The opening gambit from the interviewer (Mark Colvin) was:

As the global financial crisis eases there are some voices warning that complacency could lead the world into another economic crash. One of them is the former New South Wales Treasury economist Robert Carling, now a senior fellow at the free-market Centre for Independent Studies. He’s been studying the latest figures from the United States Congressional Budget Office and the deficit figures he’s seen there have him worried.

Carling was Executive Director, Economic and Fiscal at the NSW Treasury from 1998 to 2006, the period over which the NSW government squandered a huge boost in stamp duty revenue that came there way as a result of the Sydney property boom. and oversaw the largest degradation in public infrastructure in our history. The state government pursued surpluses over the entire boom period instead of maintaining the essential state infrastructure. It hired a massive squad of private consultants to help it cut spending. It entered into various public-private-partnerships which devolved its responsibilities for public infrastructure provision and handed them over to private equity interests who evaluated their investment decisions based on private profit rather than public good.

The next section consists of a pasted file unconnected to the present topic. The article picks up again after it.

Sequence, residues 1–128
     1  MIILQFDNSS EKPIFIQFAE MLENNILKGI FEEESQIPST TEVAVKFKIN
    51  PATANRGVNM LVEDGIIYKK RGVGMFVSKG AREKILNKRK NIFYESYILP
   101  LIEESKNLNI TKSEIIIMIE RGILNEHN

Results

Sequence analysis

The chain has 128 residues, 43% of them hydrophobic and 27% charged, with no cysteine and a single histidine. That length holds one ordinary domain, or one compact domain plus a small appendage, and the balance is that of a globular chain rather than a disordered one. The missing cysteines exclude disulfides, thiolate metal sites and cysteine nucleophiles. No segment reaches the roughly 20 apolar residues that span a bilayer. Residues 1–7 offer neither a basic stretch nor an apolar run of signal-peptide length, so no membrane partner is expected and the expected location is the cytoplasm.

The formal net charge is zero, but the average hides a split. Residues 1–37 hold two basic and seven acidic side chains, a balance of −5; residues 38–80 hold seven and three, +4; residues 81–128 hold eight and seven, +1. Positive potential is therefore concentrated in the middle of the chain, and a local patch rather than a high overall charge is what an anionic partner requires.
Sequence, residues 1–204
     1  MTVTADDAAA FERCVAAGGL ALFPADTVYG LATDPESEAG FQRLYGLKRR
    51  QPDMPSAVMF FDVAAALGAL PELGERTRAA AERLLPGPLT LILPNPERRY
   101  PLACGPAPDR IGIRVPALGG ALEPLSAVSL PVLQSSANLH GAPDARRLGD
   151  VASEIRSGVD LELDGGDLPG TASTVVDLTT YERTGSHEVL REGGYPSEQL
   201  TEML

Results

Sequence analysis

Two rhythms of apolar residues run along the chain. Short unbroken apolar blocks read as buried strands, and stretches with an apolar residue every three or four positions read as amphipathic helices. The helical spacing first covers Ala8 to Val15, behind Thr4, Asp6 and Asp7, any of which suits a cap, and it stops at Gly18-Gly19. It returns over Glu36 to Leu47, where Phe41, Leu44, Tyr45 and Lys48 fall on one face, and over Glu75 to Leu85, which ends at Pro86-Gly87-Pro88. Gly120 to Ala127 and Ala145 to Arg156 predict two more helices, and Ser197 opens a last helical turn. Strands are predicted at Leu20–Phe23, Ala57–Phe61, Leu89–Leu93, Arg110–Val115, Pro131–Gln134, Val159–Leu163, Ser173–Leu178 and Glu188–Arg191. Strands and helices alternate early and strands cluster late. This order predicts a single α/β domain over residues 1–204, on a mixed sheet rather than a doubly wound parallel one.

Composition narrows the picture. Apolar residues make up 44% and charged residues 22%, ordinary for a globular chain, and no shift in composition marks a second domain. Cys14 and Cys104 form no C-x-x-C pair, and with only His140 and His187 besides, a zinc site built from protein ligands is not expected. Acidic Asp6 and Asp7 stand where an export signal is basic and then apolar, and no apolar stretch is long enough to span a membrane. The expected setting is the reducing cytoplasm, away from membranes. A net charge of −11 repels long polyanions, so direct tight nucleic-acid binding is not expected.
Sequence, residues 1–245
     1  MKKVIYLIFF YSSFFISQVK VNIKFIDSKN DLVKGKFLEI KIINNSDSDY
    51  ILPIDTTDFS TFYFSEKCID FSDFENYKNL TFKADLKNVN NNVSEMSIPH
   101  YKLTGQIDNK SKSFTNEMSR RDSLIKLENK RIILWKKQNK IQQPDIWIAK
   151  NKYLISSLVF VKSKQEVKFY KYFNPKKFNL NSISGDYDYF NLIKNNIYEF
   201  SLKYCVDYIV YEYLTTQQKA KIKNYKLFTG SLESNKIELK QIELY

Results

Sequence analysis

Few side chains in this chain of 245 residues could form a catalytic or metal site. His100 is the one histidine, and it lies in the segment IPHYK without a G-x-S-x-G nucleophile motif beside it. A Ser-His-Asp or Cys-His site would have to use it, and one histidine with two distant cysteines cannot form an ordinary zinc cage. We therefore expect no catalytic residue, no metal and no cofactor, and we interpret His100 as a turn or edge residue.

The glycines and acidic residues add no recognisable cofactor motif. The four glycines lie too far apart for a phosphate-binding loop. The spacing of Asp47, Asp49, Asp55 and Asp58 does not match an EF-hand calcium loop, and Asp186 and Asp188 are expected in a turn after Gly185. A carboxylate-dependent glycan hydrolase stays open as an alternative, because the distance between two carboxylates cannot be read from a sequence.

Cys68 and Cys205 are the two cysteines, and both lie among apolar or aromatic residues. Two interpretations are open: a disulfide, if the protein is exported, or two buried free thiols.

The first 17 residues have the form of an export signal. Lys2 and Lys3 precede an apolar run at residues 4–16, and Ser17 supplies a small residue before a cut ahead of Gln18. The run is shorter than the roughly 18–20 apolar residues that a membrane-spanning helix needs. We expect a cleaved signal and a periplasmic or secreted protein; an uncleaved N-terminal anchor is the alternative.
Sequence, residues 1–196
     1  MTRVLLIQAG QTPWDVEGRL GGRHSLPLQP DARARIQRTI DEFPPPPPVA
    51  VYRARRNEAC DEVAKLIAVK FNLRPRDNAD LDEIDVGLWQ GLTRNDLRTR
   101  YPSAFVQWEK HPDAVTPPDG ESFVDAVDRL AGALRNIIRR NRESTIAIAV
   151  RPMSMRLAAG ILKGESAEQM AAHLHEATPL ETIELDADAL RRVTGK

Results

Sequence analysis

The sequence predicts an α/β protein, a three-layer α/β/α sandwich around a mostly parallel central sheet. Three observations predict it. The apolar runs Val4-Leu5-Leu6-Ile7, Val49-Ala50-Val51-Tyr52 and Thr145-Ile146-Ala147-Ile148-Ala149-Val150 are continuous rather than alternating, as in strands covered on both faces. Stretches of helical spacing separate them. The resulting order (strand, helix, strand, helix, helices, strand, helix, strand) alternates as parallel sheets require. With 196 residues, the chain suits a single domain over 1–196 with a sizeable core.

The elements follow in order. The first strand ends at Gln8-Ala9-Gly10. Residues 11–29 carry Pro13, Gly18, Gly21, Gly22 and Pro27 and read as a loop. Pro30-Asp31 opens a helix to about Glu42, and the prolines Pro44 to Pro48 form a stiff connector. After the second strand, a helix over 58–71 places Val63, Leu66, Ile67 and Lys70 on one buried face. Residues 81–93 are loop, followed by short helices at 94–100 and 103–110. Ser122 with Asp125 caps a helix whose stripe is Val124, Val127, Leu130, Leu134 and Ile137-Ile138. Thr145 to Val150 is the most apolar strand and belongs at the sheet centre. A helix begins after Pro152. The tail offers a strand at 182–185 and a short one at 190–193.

The capacity of public hospitals was devastated; railway bridges became dangerous. By the time the credit boom that had driven the NSW property boom was over and the commodity price boom saw the mining states (WA and Queensland) start booming, the NSW economy – the largest in Australia – was dead. All under the watch of NSW Treasury and its culpable Executive Directors. I could go on about the handling of the NSW economy by the state government at length. I no longer use the word government and NSW in the same sentence!